How ex-auditors remember their past: The transformation of audit experience into cultural memory

Daoust, Laurence and Malsch, Bertrand,(2019), How ex-auditors remember their past: The transformation of audit experience into cultural memory. , Accounting, Organizations and Society, UNSPECIFIED

[thumbnail of How-ex-auditors-remember-their-past--The-transforma_2019_Accounting--Organiz.pdf] Text - Published Version
Restricted to Repository staff only

Download (557kB)


Researchers have examined the socialization of auditors at various stages of their professional development, but they have done little or no work on the continued effects of this socialization after auditors leave the firms. Put simply, they have not explored the ways that ex-auditors remember their past. Drawing on the literature in social memory studies and on 37 semi-structured interviews with exauditors who used to be employed at large Canadian accounting firms, we perform memory work to examine how ex-auditors transform their audit experience into cultural memory. The narratives of past audit experience elicited during the interviews reveal that ex-auditors develop a complex contemporary representation of this experience. When they solicited their communicative (individual) memories, our participants remembered multiple conflicts between their self-identity and the normative work environment during their time at the firms. However, when they reflected on the impact of their audit experience on their new careers, an alternative and much more collective version of this past emerged. Cultural memories with an elitist and class work dynamic that maintained and justified claims of professional and social superiority began to predominate. We argue that communicative and cultural memory are connected because it is communicative memory that allows cultural memory to take on social forms and exercise cultural domination. Our study makes three important contributions. First, it broadens the socio-temporal perspective of auditing research by highlighting the continued effects of the professional identity of auditors after they change careers. Second, it shows that representations of the past provide ex-auditors with a powerful means to promote their professional interests and structure power relationships within organizations. Third, it introduces the use of reflexive memory work as a rigorous methodological approach in accounting and organizational research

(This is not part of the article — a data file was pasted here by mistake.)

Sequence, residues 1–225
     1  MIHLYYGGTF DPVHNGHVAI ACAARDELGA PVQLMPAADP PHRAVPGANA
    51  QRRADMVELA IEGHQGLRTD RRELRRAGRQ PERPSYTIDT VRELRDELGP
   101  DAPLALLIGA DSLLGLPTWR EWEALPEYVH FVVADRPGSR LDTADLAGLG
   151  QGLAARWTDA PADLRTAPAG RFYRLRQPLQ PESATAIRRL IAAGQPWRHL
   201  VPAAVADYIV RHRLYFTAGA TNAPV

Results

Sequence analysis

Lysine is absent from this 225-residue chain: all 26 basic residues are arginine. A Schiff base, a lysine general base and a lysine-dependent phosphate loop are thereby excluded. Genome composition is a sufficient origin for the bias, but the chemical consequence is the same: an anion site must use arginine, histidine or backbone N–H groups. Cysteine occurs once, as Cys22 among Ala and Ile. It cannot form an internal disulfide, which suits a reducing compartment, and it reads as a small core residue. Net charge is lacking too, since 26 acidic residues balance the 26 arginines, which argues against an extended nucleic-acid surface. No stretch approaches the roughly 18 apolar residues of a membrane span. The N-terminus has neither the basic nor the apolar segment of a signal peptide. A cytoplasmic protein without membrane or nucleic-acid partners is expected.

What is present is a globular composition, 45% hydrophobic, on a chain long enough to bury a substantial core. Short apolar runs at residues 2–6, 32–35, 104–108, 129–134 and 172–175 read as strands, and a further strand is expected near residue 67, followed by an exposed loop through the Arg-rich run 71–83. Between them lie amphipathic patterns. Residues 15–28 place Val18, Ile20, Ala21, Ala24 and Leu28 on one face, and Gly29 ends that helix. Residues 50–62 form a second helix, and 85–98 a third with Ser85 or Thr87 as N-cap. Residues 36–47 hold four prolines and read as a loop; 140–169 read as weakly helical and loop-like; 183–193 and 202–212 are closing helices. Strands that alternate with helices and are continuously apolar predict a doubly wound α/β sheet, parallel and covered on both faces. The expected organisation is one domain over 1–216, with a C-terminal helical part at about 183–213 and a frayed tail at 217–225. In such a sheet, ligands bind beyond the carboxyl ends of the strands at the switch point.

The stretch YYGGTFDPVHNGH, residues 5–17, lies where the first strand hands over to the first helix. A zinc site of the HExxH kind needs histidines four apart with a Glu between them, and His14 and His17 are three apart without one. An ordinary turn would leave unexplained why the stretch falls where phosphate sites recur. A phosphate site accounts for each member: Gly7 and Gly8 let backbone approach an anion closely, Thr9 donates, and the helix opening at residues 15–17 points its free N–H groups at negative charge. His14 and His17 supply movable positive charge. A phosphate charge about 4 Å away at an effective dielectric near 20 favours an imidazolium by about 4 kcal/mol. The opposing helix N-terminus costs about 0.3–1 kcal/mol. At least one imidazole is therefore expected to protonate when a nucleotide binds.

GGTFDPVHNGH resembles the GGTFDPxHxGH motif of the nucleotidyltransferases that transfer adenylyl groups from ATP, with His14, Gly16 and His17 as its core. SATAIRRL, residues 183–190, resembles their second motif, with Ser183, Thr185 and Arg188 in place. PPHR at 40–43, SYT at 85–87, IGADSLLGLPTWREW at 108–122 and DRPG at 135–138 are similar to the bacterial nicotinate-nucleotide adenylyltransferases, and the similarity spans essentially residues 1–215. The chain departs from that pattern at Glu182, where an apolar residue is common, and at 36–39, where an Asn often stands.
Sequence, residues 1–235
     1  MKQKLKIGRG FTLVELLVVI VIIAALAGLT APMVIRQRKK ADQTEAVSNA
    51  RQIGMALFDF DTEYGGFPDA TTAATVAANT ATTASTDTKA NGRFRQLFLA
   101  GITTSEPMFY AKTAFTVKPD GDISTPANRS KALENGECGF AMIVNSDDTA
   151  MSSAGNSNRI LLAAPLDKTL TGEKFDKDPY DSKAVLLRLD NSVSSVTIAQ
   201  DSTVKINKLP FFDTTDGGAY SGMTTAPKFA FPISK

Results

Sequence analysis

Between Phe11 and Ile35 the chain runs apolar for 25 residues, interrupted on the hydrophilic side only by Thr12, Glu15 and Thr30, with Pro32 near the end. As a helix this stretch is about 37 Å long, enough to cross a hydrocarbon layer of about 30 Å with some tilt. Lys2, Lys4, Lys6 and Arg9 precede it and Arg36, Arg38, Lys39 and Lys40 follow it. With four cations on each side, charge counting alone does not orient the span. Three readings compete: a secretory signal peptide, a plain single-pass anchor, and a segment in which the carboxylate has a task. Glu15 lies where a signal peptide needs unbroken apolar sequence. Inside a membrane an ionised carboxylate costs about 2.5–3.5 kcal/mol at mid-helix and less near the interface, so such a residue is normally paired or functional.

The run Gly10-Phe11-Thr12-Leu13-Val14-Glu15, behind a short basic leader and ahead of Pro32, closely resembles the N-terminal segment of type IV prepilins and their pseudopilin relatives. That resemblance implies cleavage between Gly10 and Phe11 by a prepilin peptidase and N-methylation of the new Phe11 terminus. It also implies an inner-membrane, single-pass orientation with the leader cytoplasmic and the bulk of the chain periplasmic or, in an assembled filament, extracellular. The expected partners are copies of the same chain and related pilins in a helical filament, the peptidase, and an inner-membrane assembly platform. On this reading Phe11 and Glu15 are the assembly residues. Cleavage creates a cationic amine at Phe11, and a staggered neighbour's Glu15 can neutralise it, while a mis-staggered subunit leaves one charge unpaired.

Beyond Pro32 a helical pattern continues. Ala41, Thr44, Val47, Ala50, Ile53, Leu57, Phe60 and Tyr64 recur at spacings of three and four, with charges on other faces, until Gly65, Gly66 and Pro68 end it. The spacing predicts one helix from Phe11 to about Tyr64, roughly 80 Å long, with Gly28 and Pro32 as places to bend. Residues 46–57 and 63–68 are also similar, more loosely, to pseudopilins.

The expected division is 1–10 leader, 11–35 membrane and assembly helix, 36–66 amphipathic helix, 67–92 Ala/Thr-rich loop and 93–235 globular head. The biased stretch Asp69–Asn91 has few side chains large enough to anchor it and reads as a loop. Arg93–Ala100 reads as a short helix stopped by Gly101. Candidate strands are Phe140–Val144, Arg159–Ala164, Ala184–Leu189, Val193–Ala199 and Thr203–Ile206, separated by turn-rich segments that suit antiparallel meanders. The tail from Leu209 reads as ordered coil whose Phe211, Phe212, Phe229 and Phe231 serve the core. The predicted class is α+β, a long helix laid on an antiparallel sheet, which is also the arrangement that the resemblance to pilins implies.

Keywords : Accounting firms Auditing Ex-auditors Memory work Social memory, UNSPECIFIED
Journal or Publication Title: Accounting, Organizations and Society
Volume: 77
Item Type: Article
Subjects: Akuntansi
Depositing User: Users 8 not found.
Date Deposited: 30 Dec 2019 03:28
Last Modified: 30 Dec 2019 03:28

Actions (login required)

View Item
View Item